Avaya Loads Up on Unified Communication

by Erin Joyce

Off to a conference? Avaya wants to make lugging your desk phone easier.

NEW YORK -- First VPN remote phone software. Now IP video conferencing. Networking software provider Avaya is pouring it on at the Interop conference in New York this week.

Avaya has rolled out new software called VPNremote that embeds virtual private network (VPN) remote capabilities into Avaya's family of IP telephones.

The idea is to make the worker's phone number as portable as his or her laptop. Avaya said system administrators only need to integrate Avaya's latest VPNremote software within the phone in order to give telecommuters an "always on" business-class IP telephone.

That is, as long as you've purchased Avaya's line of 4600 IP Telephones. Just as a laptop can connect a worker to the Web wherever there's a ready network, the VPN software helps do the same for the mobile worker's phone number.

Avaya said that after an IT administrator loads the new VPNremote software into the Avaya IP Phone, a home office-based worker can simply plug the phone into a power source, connect it to a home broadband router, enter a password, and it's operable.

Workers can then virtually lug their home phones along with the rest of their increasingly mobile office tools. Avaya said the features of the Avaya IP phones with VPNremote are identical to those found in a corporate headquarters or contact center. The company's ideal customers are home-based contact center agents, telecommuting sales people or other telecommuters.

One recent customer of the product line was the U.S. Red Cross, which deployed the VPNremote and IP phones as part of its disaster recovery work after Hurricane Katrina devastated the Gulf Region last fall.

David Craig, chief engineer of disaster response technology for the American Red Cross, said the phones were truly "plug and play" and worked Flawlessly, with no need for onsite configuration.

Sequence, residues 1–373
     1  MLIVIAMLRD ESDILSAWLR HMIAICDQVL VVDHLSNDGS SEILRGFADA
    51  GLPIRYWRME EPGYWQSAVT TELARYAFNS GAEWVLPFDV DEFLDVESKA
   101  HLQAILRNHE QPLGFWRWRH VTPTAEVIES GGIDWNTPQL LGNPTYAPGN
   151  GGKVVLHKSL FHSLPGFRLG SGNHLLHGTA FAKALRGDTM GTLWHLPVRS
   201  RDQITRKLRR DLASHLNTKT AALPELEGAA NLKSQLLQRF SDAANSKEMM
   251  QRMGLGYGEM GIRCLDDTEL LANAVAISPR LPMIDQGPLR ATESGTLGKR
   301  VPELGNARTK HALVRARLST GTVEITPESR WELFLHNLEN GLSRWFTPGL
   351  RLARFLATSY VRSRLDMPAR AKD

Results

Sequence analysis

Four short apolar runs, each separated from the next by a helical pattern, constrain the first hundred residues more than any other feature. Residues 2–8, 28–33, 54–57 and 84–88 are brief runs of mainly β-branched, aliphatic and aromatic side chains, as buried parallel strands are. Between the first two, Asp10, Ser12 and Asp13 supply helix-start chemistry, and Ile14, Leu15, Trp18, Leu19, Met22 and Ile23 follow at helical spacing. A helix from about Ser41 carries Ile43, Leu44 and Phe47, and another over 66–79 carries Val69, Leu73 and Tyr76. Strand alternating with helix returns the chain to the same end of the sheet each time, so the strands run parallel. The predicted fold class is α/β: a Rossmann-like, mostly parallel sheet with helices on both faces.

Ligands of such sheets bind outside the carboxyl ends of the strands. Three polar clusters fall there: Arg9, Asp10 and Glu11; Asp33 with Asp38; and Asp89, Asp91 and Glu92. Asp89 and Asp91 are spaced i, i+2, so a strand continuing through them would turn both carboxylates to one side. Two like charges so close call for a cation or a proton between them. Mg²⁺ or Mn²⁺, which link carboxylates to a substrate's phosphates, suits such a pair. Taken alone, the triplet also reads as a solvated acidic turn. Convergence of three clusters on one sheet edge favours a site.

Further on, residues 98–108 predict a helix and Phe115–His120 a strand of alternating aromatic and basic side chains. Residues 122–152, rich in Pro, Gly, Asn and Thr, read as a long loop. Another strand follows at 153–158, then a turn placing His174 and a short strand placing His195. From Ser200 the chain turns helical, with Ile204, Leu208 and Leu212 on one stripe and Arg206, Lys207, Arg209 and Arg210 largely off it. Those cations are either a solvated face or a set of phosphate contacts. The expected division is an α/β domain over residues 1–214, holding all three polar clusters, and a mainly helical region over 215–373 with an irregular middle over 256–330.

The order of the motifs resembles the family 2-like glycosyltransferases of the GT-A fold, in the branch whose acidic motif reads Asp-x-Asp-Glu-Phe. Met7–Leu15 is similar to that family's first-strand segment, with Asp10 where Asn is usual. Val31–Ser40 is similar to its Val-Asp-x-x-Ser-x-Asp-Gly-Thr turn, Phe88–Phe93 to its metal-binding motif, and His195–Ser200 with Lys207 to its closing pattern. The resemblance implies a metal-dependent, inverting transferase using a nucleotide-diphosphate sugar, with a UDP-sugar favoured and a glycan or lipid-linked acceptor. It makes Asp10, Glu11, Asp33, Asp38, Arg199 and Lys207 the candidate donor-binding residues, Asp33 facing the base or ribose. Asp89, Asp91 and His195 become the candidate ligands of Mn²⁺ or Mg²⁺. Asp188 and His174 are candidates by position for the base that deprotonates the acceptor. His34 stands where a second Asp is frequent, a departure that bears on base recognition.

The latest VPNremote software for Avaya's 4600 IP Telephones is based on Avaya's Communication Manager software platform. It features short extension dialing, transfer, conferencing and Web-based access to information and corporate-wide broadcasts via a screen display. It also supports other Avaya models, such as the 4610SW, 4620SW, 4621SW, 4622SW IP Callmaster and the 4625 series.

The phones are part of a dizzying array of networking features on display at the Interop trade show taking place in New York this week.

Avaya also rolled out a new IP Video Telephony system that integrates desktop, multipoint and group video conferencing with hardware communications company Polycom .

Called the Avaya IP Video Telephony Solution, the system uses a single IP network for voice and video integration, and is a foundation for a unified communication environment for network administrators who need to get video collaboration going.

Avaya and Polycom are no strangers to collaboration themselves. The companies launched a video telephony system in 2004 that featured Avaya's IP Softphone software, in order to make an office phone and computer into a video camera and a microphone. That system also features instant messaging and presence features, key parts of Avaya's unified messaging push for customers.

This article was originally published on Wednesday Dec 14th 2005